A couple of years ago I was blessed with the opportunity to volunteer with the vulnerable sector here in Kitchener/Waterloo. Specifically, I volunteered with homeless youth under age 25. During this time I was able to get to know many of the youth and listen to their stories. My very first shift I went home an emotional wreck after having a conversation with a young girl not much older than my own daughter.
It wasn’t long before I became acutely aware of the higher incidence of drug use, mental health problems and criminal activity among this population.
People who are homeless are far more likely to be victims of crime than are people who are housed. One Toronto study determined that 46% of homeless women and 39% of homeless men surveyed had been physically assaulted within the previous year. Homeless youth fared worst of all, with 69% reporting having been attacked. Another study found that sexual assaults against women who are homeless are both more frequent and more violent than those against women who are housed1.
Community members experiencing homelessness in Waterloo Region, as in many other communities, are often looked upon with fear – they experience stigma and exclusion on a daily basis in addition to the other challenges of being without a home - including extreme poverty, hunger, mental illness, addiction, and trauma. A significant part of this stigma has to do with the perception of crime and risk associated with homelessness.
In the past two years there has been a sharp increase in both the number of people using emergency shelters and the number of shelter bed nights, which means more people are using shelters and they are staying longer. When I look at this homelessness statistics presented by WRCPC's Snapshot on Crime, I experience a range of reactions.
Individuals facing homelessness are more likely to become victims of crime and/or engage in criminal activity than individuals with stable housing. If charged with a criminal offence homeless individuals are typically charged with minor property crimes and drug offences. It is fair to say that their vulnerability for victimization is of most concern in this context.
The 2013 Ontario Budget was passed in the Ontario legislature on Tuesday June 11, 2013. The Waterloo Region Crime Prevention Council always looks to the budget through the 'smart on crime' lens of crime prevention. The 2013 budget presents some interesting spending and 'non-spending' as it relates to crime prevention. We look for information with an eye for the root causes of crime which are economic factors, social environment and family structures. The economic factors we look for include poverty, employment & educational opportunities, and housing.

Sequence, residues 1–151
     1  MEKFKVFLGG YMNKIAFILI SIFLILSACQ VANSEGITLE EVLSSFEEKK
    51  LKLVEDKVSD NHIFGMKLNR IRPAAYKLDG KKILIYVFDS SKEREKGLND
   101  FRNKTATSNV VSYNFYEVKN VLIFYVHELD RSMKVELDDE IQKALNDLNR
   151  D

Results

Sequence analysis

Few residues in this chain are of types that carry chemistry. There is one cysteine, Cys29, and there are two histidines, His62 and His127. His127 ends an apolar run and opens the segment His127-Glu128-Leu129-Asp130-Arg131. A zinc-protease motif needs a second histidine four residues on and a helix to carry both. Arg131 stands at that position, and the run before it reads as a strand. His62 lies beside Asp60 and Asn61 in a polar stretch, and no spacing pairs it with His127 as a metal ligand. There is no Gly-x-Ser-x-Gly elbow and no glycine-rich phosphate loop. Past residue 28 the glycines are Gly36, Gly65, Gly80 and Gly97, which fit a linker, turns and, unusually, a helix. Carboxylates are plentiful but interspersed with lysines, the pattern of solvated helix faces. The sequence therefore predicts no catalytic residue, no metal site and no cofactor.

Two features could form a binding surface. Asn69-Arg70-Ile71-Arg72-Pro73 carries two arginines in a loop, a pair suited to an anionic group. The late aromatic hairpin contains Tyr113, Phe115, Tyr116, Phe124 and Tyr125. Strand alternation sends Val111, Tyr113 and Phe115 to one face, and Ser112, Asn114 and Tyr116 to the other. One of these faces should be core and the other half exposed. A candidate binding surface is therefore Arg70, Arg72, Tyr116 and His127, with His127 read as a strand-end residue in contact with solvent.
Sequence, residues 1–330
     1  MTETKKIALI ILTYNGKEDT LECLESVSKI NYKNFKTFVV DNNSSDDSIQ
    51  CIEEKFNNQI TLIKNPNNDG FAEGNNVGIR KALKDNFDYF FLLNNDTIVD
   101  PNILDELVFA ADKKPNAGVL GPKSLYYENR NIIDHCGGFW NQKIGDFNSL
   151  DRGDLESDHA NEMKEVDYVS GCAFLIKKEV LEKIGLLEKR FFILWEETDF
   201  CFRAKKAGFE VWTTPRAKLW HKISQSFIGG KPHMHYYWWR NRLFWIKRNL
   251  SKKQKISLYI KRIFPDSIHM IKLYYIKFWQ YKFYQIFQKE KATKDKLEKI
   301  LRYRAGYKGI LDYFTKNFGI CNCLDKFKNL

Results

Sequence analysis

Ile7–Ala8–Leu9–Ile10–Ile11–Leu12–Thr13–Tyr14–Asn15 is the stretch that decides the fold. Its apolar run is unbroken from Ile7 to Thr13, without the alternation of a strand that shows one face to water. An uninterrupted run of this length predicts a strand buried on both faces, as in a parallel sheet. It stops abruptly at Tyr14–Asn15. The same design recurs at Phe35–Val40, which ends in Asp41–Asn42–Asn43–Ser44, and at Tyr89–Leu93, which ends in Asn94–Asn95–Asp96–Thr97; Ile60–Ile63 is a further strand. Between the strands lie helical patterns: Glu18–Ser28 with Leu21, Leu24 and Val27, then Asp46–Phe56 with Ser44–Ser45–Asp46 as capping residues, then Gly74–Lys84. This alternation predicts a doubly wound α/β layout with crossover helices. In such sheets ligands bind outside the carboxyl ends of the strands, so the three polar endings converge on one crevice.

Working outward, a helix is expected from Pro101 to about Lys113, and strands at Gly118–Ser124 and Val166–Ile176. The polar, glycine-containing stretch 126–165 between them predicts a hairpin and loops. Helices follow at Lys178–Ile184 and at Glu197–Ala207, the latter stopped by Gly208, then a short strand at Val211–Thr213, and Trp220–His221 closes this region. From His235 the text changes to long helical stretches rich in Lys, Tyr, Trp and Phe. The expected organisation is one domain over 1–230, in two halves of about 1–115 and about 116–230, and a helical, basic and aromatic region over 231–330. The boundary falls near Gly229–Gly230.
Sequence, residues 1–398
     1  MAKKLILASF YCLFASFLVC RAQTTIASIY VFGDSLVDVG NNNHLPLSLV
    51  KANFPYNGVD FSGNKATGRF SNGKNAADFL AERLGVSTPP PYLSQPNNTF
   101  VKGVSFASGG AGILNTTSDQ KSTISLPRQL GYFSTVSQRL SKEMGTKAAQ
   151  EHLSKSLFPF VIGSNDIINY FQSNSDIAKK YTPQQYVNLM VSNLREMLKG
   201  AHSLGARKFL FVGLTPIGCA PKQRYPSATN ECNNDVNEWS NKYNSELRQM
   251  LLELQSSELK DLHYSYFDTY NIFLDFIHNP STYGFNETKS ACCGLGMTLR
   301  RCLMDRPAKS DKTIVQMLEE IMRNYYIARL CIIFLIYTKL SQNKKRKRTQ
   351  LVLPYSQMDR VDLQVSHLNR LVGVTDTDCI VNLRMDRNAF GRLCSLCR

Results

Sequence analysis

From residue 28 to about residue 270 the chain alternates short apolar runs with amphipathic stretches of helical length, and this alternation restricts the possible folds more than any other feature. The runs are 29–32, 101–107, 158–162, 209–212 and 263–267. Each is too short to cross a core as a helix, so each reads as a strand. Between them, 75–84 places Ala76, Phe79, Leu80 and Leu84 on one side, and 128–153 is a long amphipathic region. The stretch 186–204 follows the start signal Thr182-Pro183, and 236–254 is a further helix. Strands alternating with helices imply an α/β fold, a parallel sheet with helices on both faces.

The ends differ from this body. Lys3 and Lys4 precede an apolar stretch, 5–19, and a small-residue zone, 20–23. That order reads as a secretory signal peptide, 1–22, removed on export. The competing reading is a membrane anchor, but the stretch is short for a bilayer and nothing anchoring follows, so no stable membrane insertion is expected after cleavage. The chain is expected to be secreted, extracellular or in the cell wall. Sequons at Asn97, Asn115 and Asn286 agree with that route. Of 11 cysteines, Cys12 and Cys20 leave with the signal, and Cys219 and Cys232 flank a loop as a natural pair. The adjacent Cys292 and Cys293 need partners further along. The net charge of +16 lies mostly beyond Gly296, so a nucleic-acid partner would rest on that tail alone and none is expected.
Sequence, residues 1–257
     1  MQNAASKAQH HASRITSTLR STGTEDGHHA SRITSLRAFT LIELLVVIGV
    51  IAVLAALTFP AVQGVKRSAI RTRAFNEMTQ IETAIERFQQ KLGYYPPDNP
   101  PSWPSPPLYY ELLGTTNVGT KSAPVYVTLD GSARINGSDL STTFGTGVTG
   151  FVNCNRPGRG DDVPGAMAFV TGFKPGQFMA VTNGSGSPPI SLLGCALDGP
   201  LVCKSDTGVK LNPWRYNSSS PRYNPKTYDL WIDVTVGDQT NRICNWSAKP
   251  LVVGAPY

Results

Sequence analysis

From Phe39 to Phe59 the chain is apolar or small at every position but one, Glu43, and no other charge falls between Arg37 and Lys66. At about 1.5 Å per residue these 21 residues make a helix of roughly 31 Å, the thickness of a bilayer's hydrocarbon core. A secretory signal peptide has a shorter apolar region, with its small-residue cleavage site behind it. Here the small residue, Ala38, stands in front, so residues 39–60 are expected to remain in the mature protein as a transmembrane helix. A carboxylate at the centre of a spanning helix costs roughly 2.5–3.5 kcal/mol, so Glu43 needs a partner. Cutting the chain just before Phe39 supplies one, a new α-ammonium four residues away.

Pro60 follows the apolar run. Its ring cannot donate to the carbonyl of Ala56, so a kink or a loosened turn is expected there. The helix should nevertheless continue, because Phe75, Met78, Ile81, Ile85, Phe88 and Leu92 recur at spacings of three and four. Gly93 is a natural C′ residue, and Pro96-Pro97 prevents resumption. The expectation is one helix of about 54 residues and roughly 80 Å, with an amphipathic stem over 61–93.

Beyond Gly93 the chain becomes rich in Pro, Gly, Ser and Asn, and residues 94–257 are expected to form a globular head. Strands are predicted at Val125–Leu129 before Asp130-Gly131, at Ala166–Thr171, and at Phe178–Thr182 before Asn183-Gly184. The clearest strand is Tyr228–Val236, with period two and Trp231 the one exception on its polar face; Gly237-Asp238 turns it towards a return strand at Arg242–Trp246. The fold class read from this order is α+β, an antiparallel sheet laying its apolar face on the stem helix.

This is the official position statement of the Waterloo Region Crime Prevention Council given at a public consultation on the question of a casino in the City of Kitchener. The remarks below were given by WRCPC Executive Director, Christiane Sadeler on behalf of the Waterloo Region Crime Prevention Council.
I’ve been asked this question. Not these “exact’ words, but it certainly felt that way when I was asked to ‘provide a rationale’ as to why we use yoga as part of our programs at inREACH, a street gang prevention program in Waterloo Region. Here’s the rationale I gave… which also seems to be backed up by a lot of good solid evidence.
When you have the opportunity to learn from someone who has 'been there'... take it! This week, we had the honour of welcoming and hosting Jamie Courtorielle in Waterloo Region. Jamie is cycling across Canada in order to raise awareness about addictions and the destruction it is causing in our families, communities, and most of all, our youth.
And while we're at it, let's also talk about prevention, addictions and compassion.